GENEVA — U.S. automakers may have had scant presence here last week, but U.S. trade policy was top of mind among executives at Europe's annual auto show.
Key officials at German automakers warned that higher prices for American consumers will be unavoidable should President Donald Trump slap new tariffs on European cars shipped to the United States. The head of Volvo's Polestar electric-vehicle brand, which is planning to enter the U.S. next year, also voiced concerns.
A Commerce Department report delivered privately to the White House last month may have concluded that auto imports pose a national security risk, paving the way for levies as high as 25 percent. The Trump administration is holding the threat of auto tariffs over the European Union while pushing for comprehensive trade talks.
If tariffs do go up, "we would then have to look at whether we would have to hike prices on our sedans from Germany," said BMW CEO Harald Krüger during a media briefing. "There would be losers on both sides."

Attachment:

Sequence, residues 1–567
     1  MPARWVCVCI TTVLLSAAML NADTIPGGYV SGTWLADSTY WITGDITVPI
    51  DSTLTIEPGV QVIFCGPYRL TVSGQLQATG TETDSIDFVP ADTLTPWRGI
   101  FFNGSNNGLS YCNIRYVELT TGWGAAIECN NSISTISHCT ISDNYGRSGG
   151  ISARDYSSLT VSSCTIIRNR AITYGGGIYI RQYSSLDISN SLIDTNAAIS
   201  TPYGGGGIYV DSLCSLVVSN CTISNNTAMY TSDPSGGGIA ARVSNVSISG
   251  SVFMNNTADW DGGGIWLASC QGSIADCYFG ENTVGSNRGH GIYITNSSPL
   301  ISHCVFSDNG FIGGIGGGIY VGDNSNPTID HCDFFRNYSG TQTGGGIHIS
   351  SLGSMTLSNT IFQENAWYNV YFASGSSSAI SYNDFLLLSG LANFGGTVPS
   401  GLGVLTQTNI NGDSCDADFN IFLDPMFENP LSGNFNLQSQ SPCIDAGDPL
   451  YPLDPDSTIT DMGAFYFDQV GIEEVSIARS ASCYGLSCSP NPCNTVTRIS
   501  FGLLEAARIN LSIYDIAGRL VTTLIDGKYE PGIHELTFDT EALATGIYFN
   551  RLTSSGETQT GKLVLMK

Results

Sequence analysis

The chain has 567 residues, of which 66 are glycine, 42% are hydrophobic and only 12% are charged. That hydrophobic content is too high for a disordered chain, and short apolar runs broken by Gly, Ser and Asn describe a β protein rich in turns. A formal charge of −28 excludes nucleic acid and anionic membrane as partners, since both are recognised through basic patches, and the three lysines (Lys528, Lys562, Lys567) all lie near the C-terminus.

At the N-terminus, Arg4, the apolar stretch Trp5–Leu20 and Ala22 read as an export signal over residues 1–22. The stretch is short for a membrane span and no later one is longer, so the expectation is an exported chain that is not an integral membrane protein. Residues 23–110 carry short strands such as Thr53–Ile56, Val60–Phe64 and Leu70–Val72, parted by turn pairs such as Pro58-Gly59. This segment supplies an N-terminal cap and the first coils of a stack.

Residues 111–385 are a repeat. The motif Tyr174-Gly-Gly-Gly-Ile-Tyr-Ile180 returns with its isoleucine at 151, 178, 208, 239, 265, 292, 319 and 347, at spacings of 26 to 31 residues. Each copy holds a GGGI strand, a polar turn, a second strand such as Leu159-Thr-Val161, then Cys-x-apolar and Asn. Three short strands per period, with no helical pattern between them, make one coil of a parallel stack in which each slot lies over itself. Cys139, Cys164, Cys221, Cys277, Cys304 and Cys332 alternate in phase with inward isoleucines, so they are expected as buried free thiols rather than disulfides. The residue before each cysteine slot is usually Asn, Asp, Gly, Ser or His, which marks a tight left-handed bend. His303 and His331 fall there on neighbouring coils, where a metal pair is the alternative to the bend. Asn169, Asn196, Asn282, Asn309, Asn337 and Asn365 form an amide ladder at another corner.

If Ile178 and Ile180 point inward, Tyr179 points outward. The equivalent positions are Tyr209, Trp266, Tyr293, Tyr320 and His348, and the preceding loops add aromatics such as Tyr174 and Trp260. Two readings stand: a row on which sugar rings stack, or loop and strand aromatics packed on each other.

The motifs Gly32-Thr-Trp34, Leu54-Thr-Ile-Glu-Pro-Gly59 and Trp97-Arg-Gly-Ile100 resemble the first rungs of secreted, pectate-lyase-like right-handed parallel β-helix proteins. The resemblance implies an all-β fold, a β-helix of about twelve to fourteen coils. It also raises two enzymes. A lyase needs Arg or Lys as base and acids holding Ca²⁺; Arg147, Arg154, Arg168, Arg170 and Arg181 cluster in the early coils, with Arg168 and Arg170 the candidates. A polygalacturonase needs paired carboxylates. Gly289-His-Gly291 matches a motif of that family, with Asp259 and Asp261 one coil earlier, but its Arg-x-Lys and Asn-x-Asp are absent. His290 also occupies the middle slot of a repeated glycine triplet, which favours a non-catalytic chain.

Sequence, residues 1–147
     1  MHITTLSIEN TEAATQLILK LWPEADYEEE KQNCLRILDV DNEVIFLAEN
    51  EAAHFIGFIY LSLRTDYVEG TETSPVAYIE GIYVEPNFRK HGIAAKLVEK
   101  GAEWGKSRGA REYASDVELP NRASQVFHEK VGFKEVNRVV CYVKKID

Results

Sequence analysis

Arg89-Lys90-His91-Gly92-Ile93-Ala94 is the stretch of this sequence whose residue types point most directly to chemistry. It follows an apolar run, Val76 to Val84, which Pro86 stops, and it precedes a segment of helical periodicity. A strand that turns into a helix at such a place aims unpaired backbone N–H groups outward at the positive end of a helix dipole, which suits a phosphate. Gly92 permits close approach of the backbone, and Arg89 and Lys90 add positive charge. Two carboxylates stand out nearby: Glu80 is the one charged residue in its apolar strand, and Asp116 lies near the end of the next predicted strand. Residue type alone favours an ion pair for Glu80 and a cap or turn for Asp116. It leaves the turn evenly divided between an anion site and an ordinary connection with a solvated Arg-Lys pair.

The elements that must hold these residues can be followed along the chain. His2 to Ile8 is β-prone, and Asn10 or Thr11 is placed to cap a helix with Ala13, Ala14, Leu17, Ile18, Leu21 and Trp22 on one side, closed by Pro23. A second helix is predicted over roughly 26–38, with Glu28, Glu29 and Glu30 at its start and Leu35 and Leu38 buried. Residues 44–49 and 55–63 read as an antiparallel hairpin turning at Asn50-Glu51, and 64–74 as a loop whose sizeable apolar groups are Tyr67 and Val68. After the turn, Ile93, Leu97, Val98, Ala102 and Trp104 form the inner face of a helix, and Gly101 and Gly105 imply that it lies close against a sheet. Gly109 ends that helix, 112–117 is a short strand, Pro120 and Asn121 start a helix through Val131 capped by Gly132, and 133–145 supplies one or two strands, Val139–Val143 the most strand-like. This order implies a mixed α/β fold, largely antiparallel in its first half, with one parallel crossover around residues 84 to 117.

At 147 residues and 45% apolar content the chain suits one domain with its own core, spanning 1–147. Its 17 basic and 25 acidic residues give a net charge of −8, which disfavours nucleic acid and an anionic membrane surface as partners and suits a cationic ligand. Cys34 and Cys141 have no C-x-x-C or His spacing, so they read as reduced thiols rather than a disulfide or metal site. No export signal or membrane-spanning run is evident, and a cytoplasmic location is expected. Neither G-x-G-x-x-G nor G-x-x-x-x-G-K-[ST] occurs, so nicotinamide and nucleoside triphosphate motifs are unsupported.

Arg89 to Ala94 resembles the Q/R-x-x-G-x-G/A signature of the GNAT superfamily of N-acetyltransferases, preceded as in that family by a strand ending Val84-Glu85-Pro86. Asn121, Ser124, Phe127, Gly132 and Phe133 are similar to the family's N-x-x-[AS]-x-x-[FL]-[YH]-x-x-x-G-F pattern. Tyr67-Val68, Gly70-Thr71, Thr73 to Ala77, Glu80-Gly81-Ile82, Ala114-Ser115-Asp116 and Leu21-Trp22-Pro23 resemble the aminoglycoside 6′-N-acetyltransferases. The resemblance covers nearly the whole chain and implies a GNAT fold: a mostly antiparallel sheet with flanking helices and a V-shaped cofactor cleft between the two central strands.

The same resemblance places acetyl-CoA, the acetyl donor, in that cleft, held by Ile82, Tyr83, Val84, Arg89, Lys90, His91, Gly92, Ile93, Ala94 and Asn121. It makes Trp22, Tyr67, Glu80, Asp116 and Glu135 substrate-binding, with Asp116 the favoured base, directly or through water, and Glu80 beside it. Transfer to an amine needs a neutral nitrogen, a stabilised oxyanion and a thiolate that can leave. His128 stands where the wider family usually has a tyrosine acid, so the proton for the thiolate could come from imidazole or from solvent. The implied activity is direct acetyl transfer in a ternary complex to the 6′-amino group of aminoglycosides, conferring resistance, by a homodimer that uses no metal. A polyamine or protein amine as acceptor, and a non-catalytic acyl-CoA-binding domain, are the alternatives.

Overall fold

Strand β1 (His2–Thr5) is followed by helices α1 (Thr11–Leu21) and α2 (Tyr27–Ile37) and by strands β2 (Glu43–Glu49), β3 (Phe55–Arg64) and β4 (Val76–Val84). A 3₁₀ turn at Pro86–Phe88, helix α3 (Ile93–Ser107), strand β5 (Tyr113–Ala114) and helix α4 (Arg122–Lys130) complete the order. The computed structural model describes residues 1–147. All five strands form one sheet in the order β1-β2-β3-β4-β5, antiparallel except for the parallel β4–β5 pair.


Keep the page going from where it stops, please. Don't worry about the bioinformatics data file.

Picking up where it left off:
Porsche sales chief Detlev von Platen, who spent seven years running U.S. operations for Volkswagen Group's luxury sports car brand, is holding out hope that a deal can be reached. The U.S. is the biggest source of demand for the company's most profitable model, the 911 coupe. With the sale of 57,000 vehicles annually in the U.S., all of them imported, the brand doesn't have the scale for its own U.S. plant.
"Strategically, the U.S. is an extremely important market, and we have a lot of loyal fans," von Platen told Automotive News Europe. "Much like the rest of the industry, we would be forced to pass on a large part onto the consumer to their detriment."
BMW, Mercedes and Volkswagen have repeatedly argued that they already contribute their fair share to U.S. economic growth. As a group, they have almost quadrupled production at their U.S. factories in the decade since the Great Recession.